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« of him that believeth in Jesus," and by whom the evil of sin is most awfully displayed.
« Ex“cept we repent,” therefore, * we must all
perish ;". for God shews His “mercy and pity" to those who, being made partakers of
“ repent and believe the gospel ;". forgiving mercy being always accompanied with converting power. O let us then “fly for re
fuge to the hope set before us in the gospel, and lay hold on the horns of the altar, for “our “ God is a consuming fire, even a jealous God;" and “ it is a fearful thing to fall into His hands” without faith in the "one Mediator between “ God and man, the man Christ Jesus." For all resistance will be in vain, seeing that “ al“ mighty power" will be employed in “taking “ vengeance on them that know not God, and “ that obey not the gospel of our Lord Jesus “ Christ.” The escape of the impenitent and the unbeliever is impossible; for God has positively declared that “the wicked shall not go “ unpunished.”
On this comfortable truth that “God declareth - His almighty power most chiefly in shewing “ mercy and pity,” we found a petition for His grace, the stream which flows from the fountain of His “mercy and pity.” It is a stream accommodated to various uses. For, like water its emblem, it is adapted both to refreshment and purification. Pardon, justification, sanctification and eternal life, are constituent parts of the stream of grace which issues from the fountain of Divine mercy. But the boon which is
. here specified is the sanctifying influence of the Holy Ghost.
The sanctifying influence of the Holy Ghost is called “ grace," because it is a gratuitous
communication of Divine favour to which we have no claim of merit or congruity. And it is grace indeed which cleanseth a sinner from the “ filthiness of the flesh and spirit,” and enables him to “ perfect holiness in the fear of God;" since, without it, we are and must remain wholly incapacitated for heavenly happiness, and fit only for the abodes of everlasting darkness.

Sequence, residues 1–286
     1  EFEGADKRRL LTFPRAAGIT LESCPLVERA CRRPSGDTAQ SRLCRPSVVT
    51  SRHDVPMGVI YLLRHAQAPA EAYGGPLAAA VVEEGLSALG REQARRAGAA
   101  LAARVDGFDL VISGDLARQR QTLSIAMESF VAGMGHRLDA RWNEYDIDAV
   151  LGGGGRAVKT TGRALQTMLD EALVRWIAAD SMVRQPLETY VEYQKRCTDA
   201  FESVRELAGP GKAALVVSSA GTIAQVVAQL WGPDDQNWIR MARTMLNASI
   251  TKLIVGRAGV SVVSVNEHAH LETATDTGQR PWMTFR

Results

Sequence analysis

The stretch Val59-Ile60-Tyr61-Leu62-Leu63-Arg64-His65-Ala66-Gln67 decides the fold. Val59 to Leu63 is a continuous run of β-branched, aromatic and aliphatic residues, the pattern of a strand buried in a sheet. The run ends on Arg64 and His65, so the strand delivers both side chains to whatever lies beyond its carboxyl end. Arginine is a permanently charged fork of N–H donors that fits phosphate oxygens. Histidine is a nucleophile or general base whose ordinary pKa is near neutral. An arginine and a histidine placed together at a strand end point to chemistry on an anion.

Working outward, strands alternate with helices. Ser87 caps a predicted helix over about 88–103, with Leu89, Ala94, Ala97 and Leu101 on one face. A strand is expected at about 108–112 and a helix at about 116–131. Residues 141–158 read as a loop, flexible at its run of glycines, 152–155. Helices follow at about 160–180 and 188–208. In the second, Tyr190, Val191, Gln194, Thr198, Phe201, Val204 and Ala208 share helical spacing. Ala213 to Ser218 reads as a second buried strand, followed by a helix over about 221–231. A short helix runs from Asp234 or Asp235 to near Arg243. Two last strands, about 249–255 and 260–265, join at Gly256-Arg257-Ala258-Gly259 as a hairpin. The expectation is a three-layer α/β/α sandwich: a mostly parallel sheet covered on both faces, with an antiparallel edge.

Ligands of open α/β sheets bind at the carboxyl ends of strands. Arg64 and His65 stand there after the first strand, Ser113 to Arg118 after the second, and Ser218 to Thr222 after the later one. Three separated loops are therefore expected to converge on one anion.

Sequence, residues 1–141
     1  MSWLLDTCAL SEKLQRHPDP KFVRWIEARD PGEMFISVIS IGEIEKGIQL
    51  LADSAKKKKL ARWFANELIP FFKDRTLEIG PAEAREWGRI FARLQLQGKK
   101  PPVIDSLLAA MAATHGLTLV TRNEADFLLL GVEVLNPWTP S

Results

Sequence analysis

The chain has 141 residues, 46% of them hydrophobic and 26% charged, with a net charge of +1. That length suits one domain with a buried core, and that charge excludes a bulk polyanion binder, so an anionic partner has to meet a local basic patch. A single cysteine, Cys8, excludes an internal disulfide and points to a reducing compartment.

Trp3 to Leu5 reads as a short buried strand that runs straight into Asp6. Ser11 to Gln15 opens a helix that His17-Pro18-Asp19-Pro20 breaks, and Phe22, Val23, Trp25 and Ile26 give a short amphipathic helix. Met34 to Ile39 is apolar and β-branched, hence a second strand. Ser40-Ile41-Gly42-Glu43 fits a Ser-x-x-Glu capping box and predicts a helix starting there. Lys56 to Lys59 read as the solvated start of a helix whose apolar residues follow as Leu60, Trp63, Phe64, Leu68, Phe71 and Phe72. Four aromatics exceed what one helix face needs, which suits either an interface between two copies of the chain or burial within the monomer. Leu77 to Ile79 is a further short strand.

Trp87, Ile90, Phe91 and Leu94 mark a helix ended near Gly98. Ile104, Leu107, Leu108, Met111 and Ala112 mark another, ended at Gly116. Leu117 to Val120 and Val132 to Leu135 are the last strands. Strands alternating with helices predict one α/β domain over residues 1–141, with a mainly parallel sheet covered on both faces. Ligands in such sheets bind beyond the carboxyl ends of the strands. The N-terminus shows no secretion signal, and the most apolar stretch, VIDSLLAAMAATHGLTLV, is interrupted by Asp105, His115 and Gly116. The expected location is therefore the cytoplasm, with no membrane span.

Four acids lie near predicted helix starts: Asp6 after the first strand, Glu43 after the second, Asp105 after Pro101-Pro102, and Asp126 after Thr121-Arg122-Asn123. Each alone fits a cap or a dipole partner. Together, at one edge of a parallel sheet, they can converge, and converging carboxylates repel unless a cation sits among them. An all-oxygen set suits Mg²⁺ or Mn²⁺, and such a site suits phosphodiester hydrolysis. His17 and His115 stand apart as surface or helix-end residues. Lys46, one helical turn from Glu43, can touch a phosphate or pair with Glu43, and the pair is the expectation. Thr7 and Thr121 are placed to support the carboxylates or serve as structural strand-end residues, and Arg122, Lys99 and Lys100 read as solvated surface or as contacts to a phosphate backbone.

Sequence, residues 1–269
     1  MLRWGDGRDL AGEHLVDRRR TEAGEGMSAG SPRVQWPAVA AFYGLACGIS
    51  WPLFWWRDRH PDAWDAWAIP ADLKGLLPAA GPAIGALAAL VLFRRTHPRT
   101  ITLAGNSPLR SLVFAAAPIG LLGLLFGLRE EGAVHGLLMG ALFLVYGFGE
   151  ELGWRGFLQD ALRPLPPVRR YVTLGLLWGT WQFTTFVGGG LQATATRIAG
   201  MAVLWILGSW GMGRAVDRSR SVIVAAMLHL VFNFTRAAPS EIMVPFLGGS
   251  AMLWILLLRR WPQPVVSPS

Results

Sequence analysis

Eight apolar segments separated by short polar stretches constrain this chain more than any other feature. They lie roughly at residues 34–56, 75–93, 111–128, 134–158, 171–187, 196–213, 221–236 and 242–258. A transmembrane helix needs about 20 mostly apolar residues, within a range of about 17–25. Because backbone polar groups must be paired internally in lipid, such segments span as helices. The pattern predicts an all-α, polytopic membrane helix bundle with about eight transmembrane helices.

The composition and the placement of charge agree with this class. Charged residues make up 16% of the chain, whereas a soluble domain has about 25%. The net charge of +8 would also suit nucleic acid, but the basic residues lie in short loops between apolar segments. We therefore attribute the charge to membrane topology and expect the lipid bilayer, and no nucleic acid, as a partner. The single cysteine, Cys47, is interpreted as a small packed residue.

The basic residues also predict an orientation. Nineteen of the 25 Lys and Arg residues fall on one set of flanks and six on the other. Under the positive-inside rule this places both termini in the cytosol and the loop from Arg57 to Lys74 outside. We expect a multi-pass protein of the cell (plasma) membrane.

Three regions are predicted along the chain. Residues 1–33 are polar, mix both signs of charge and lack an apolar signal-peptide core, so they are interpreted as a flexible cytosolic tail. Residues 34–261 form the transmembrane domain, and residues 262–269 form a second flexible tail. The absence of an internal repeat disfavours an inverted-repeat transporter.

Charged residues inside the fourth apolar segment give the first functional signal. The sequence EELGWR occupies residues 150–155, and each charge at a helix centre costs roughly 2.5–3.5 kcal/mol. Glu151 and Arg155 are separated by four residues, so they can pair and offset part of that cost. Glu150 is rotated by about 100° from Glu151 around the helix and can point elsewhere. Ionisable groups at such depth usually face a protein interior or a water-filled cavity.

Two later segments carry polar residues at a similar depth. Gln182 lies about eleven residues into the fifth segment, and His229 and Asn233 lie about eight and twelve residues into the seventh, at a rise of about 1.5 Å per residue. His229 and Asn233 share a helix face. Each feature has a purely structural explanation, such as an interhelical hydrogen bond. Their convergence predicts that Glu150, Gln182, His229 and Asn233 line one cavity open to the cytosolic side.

This Divine influence is communicated to its recipients in different degrees, apportioned to the situations and circumstances in which they are placed. Some of the redeemed require for the fulfilment of incumbent duties a larger measure of God's grace than others; and a larger measure is also necessary to the same person at some seasons than at others.
We, who are raised up to serve and honour God at a time when Christianity is the established religion of the country in which we live, and when, of consequence, persecution for the profession of the gospel is deprived of its terrors, have no need of grace for the production of that faith by which miracles were performed in the primitive church, nor of that which enabled the martyrs to rejoice in the midst of excruciating tortures. If we wanted it, we should be warranted to pray for and to expect it. But we all want grace whereby we may be enabled to “run the
way of God's commandments," so as to “ obtain His gracious promises, and be made
partakers of His heavenly treasure." And no conscious sinner will think the communication of such a measure of grace as may effect this purpose to be a small favour. No awakened person will deem a small measure of grace sufficient to secure his salvation. For every believer,
being experimentally acquainted with his own innate depravity and weakness, with the temptations of the world, the flesh, and the devil, with the trials of the Christian pilgrimage, and the difficulties with which his path is on all sides surrounded at every step, will be ready to say, Surely no one ever wanted a larger measure of Divine grace than myself; for no one can have more guilt to be removed, more corruption to be subdued, more temptations to be resisted, or less strength wherewith to oppose them. I am a bruised reed, liable to injury from every invader—an expiring taper which Omnipotence alone, continually exerted in my behalf, can preserve from extinction. Nothing short of that
almighty power” which is “ declared most “chiefly in shewing mercy and pity,” can supply my wants, relieve my necessities, and save my soul. Without hope founded exclusively thereon, I must utterly despair.